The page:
It's inappropriate to give the kids dessert before they have been giving a meal!



posted on May, 30 2015 @ 02:37 PM
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I want a Ferrari, but I cant buy one, .... and I have to look at all the other ferraris driving around, I think Ill start a fundraiser.



posted on May, 30 2015 @ 05:27 PM
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a reply to: Realtruth

This isn't particularly surprising and no amount of outrage can change it. Raise children who will assert themselves against toothless authorities and work around the meaningful ones- these children could have simply raided that carnival- walked right in chanting "screw you, suspend us and we'll have our own carnival"- and some teacher would break down crying and grab one of them and try to drag them back to the auditorium, and after a lawsuit they could afford all the carnival they like.

My teacher thought he'd pavlov us with a box of donuts and I got caught on the wrong side of that. Aside from serving as an attention getter for those who hadn't turned in something or another he used it to make some really interesting point related to it having to do with disparities between North and South during the civil war by giving the rest of us left over bagels from the cafeteria... at which point I got up from my desk, calmly said over his lecture that I will now reenact Quantrill's Raiders, walked to his desk, took the box with the remaining donuts back to my desk, and started eating one and offering the rest around. He just stared at me and finally shook it off- he never did respond. Of course that was the 90s- the odds of a kid hurting a teacher were way way higher than the odds of a teacher having a kid tazed by the police back then.

My point is that I don't think this is either new or a simple matter of accidental coldness. It's part of the indoctrination, which is a live fire exercise in exploitation and unreasonable authority. That's why schools are being pressured to teach to tests- there is no real process at work to interrupt, which allows government and industry to barge in and access your children without creating any kind of noticeable disturbance that would make you cry foul.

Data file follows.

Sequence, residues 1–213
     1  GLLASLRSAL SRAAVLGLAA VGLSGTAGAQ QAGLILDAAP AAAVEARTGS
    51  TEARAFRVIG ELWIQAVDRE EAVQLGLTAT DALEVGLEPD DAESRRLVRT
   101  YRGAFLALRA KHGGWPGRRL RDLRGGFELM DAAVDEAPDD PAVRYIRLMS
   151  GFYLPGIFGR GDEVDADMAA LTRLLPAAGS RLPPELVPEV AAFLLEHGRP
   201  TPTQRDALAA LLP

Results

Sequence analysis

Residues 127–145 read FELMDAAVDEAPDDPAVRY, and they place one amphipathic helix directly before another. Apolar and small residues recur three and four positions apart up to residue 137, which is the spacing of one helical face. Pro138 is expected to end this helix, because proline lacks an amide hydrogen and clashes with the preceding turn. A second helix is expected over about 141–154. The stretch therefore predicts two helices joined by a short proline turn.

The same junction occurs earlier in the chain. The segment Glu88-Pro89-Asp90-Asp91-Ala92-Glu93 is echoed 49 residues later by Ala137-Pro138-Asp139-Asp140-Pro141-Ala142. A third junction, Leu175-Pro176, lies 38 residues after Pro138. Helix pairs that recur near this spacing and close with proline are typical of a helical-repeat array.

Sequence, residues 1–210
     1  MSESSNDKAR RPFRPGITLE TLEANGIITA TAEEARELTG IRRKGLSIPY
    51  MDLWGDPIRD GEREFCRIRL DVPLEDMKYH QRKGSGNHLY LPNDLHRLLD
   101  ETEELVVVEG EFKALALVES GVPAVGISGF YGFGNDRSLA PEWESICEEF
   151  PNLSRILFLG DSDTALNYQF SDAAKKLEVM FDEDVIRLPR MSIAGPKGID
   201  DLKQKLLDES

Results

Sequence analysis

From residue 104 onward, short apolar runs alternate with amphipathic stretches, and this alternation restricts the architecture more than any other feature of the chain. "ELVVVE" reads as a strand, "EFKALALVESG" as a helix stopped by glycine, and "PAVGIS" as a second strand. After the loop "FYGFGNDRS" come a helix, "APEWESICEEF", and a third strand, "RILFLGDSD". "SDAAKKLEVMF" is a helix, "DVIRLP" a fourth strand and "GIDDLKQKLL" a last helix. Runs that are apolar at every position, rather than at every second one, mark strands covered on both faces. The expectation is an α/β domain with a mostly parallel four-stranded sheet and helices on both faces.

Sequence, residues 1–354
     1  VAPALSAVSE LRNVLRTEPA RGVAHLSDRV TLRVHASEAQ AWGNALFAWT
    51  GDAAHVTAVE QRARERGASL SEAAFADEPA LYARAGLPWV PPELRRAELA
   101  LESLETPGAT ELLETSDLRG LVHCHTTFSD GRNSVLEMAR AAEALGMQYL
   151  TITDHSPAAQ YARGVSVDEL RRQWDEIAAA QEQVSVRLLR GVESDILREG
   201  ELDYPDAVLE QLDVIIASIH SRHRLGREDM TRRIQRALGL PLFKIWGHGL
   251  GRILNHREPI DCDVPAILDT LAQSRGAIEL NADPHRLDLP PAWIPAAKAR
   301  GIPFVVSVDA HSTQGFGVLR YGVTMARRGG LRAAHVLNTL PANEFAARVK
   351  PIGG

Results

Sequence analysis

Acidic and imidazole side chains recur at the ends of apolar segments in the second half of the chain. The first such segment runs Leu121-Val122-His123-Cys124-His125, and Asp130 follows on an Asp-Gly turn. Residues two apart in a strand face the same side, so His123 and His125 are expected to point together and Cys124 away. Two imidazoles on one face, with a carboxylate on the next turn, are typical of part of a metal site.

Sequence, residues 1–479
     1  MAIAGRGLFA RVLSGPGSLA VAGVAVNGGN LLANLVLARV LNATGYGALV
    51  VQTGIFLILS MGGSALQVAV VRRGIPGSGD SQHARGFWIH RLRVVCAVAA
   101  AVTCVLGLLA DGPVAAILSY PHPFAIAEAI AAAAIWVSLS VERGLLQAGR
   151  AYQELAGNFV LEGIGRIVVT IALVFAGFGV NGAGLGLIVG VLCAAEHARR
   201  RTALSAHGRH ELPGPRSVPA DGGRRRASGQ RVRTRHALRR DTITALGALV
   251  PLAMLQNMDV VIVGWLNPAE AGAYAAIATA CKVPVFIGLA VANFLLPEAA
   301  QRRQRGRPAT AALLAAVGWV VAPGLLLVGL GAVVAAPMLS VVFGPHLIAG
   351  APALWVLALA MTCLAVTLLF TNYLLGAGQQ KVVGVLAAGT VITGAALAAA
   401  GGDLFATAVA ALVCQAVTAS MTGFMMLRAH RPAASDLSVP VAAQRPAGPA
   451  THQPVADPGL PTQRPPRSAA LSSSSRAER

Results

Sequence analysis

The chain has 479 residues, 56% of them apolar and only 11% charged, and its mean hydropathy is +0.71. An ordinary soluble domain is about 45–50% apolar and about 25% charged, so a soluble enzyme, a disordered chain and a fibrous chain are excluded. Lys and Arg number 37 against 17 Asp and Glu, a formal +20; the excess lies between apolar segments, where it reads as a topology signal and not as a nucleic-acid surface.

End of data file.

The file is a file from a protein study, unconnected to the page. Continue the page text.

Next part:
Nobody ever wonders, "gee, why hasn't little Johnny told me what he learned today, maybe I should ask if he spent the whole day being recruited into a pyramid scheme in the lunch room that will result in me soon getting an unofficial collection notice saying my child can't graduate until such and such magazine company gets its money" so they don't fight in time to win, and junior learns that daddy can't understand or deal with the authorities, he just ignores them until they stop him and then he swats them with money so he can keep going, and junior learns to do that to.

I saw this stuff and it was CLEARLY intentional- you can tell when you see how they make their petty points and examples- it's like watching a bad actor try to portray a dominatrix when you refuse to play along with a school officials BS and they try to put the squeeze on you.

Even in the 80s and 90s when I went through that crap, school was EASILY 5% captive audience marketing time.